was vexed beyond what could have been expressed—almost beyond what
she could conceal. Never had she felt so agitated, so mortified,
grieved, at any circumstance in her life. She was most forcibly
struck. The truth of his representation there was no denying. She
felt it at her heart. How could she have been so brutal, so cruel
to Miss Bates! How could she have exposed herself to such ill opinion
in any one she valued! And how suffer him to leave her without saying
one word of gratitude, of concurrence, of common kindness!
This quotation comes at the end of Chapter 43.
After being reprimanded by Mr. Knightley for insulting Miss Bates
at the Box Hill picnic, a deluge of remorse comes over Emma as she
realizes the cruelty of her behavior. This quotation marks the point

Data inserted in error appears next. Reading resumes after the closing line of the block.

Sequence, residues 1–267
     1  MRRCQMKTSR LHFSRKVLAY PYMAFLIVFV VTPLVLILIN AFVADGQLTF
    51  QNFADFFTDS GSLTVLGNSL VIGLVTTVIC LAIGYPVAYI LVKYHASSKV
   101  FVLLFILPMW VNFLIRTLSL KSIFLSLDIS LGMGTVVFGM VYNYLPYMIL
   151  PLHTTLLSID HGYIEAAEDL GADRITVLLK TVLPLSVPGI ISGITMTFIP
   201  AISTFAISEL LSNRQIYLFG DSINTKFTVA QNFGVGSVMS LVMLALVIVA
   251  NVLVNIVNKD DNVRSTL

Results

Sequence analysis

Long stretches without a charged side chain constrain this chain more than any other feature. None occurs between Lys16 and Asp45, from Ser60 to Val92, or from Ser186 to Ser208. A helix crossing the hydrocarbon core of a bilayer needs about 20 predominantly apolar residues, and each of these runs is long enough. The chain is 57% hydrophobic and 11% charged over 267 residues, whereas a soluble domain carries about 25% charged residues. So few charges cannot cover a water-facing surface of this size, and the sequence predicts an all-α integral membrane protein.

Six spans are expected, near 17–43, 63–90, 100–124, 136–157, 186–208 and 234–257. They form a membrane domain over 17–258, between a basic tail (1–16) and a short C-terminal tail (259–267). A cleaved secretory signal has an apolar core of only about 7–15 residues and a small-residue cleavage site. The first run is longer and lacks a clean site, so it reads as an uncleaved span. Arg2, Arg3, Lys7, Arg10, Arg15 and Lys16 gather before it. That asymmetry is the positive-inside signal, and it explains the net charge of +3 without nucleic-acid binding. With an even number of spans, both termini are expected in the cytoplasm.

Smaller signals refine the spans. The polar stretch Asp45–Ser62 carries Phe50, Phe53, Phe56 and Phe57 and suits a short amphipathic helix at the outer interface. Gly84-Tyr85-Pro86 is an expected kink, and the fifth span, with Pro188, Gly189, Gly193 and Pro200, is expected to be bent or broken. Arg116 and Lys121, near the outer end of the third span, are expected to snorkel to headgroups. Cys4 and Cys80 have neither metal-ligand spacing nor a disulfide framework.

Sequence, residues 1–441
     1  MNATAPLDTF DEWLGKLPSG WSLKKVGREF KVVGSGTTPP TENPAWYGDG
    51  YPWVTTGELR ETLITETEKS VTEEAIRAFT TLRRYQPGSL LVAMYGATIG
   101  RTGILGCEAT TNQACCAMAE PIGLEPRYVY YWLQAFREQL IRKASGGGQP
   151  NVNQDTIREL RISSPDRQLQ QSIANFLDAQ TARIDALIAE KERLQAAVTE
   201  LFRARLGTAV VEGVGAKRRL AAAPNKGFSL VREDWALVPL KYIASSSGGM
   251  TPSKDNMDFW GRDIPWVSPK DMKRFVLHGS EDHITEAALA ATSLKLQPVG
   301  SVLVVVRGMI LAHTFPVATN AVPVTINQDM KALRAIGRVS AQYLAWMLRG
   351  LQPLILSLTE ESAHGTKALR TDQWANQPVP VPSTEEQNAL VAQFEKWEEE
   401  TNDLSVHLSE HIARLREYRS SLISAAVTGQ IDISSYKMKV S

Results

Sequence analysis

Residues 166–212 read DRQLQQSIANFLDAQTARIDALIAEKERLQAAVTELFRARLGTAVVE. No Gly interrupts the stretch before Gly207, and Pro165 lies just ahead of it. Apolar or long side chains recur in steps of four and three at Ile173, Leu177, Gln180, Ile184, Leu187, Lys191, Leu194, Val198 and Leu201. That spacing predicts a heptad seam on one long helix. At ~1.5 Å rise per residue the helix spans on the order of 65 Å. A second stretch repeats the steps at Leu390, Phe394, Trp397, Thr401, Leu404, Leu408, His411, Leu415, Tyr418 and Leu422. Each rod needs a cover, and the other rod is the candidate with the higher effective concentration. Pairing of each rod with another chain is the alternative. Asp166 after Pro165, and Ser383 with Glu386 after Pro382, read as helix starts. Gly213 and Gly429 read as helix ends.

at which Emma’s growing self-understanding, which helps her feel
how wrongly she has treated Miss Bates, coincides with her growing attachment
to Knightley. Her increasing self-knowledge is thus weighted, because
it will bring her to or separate her from true love. This moment
is also Emma’s most emotional in the novel, and it is narrated directly,
unlike Mr. Elton’s proposal and Emma’s response to Mr. Knightley’s
proposal. That the narrative so directly accesses Emma’s remorse
underscores its seriousness—it is as if her thoughts have overpowered
the narrator’s ability to relate them.